When I was asked to travel to Bali for a shoot with one of my best friends, Geoff Gulevich, I naturally jumped at the opportunity. Sandy beaches, tropical jungles, and waterfalls are usually what fills people’s minds when they think of Bali. Our first few days in Canggu were exactly that: riding mopeds to the beach, surfing, drinking coconut smoothies, visiting temples and riding the Bali Bike park.
It was turning out to be an absolutely amazing trip, but there was one zone I was itching to ride. I'd seen footage Geoff took from his last trip to the area of a ridge-line: Narrow and twisting, a thin ribbon of dirt wrapping around the very edge of the Batur Volcano. With steam rising from the volcanic rocks below, the line looked dangerous, yet one of the most beautiful things I'd ever seen. A slip off of either side of the path and you'd be tumbling for a very long time. I didn't know how or what it would take to get there, but I was willing to fly across the world to try.
We left the comfort of The Chillhouse in Canggu the day before the ridgeline ride to get out to Batur and grab some shots of the black sand dunes that pile against the base of the volcano. We shot until dark, had dinner, and went to bed, giddy for what the (very) early morning would bring. This is why I was here. This is what I'd been waiting for.
It felt like I hadn’t even gotten comfortable on the brick-like pillows and ant-riddled bed before my alarm shocked me awake at 3:15am. Hungry and dizzy from lack of sleep, I got dressed, filled my pack with water and strapped on my headlamp. The rest of the crew was in similar shape. Being in a tiny town, nothing was open, and I'd forgotten my bars back at The Chillhouse, so we started our dark ascent up the Volcano running only on our mounting excitement and adrenaline for what was to come.
The trail twisted its way through a few different zones. We hiked up sandy, slippery switchbacks in the forest until the trees gave way to tall grass as the trail took a sharp twist upwards amongst jagged volcanic rock. With my calves and back screaming from wrestling my bike up to this point, I finally gave up all ego and handed my bike to one of our guides. My headlamp was less than sufficient in lighting my way, as it was almost out of battery; I stumbled upwards in the darkness trying to keep an eye on the rest of the group. Nothing could dampen my spirits. I was climbing up the side of a Volcano to ride one of the most gorgeous trails I’d ever seen. I was living the dream! The rock gave way to sand up to the peak: One step forwards, half a step back. Two steps forward, one step back. I could see the tiny dots of flashlights belonging to other people, eager for experience and adventure, a progression line of sleepy travellers to the rim of the Volcano.
Once we reached the peak, I turned around and could see the sleeping town far beneath us. A few dots of light, the loud hiss of crickets in the tall grass. The sun was starting to turn the sky a soft lavender, and the stars speckled the horizon like tiny diamonds. One of our guides asked if we’d like coffee, and, to our surprise magically reappeared a few minutes later grin as wide as the sky, with a tray and glasses of fresh brewed coffee for us all with enough sugar in it to give us all the kick we needed. Eyes wide open, we waited in awe atop the ridge for the glowing sun below horizon to breach the crater’s edge. It was other-worldly. The mist, the colours of the sky, the curving shape of the craters edge, COFFEE. It was perfection.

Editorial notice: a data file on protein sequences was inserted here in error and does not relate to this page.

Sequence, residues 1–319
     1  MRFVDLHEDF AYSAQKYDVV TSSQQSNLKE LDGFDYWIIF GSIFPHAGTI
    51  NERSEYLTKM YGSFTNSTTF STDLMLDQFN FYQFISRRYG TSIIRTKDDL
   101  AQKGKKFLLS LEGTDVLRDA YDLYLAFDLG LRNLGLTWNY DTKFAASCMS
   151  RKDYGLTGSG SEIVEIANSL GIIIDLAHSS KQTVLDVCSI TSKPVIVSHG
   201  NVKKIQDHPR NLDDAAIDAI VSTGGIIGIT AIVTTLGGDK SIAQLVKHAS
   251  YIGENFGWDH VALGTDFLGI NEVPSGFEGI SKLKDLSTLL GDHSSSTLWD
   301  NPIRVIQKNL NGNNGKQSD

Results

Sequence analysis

The people I was with, strangers and friends, the dampness of the night mixed with the potential of the morning. There's absolutely nothing in that moment I would've changed. As the sun exploded over the black silhouette of the crater’s edge, we scrambled for our gear. It was go time, and it was absolutely breathtaking. Wide-eyed and mesmerized, I swung my leg over my bike and dropped in behind Geoff. Cruising a razor-sharp ridge-line while the steam from the volcano billowed around us and the burning sky lit our path, I couldn't help but think, “This is why I’m here. This is why I’m alive.” moments like that are few and far in between in life, but that’s what makes them so special.
We stayed on the ridge until mid-morning, when finally our hunger forced us back down into town. I wished I could have stayed up there forever. The ride down was a bit harrowing, and I realized just how jagged and steep the ascent was once I could see where I was going. Sliding and finessing our way through the jagged rock, Geoff and I made it down long before the rest of the crew on foot, and grabbed some coffee at the little restaurant adjacent to our accommodation. It seems like no age is too young to start helping out, and the young boy who was serving us would sit down and play his guitar in between running food. I asked to see the guitar, and tuned it for him. He seemed a bit embarrassed of it, and said he had dropped it but mended it as best as he could. The body was taped together, the neck warped and the bridge was superglued back on. The sound of the guitar was less than ideal, and I so badly wished I could’ve helped him out more, because the passion and light in his eyes when he played was all too familiar; something I had felt that very morning watching the sun rise.
By the time the rest of the crew joined us, we were all so hungry that our food order was pretty strange: banana pancakes with honey, spring rolls, and two entrees of rice, egg, and chicken each. With full bellies and minds, we decided to digest the amazing experience we'd just had in the cold and hot pools at our hotel, until we were kindly asked to pack up. We then headed back to Canguu, dozing in and out of sleep in the van, wondering if it was all just an amazing dream.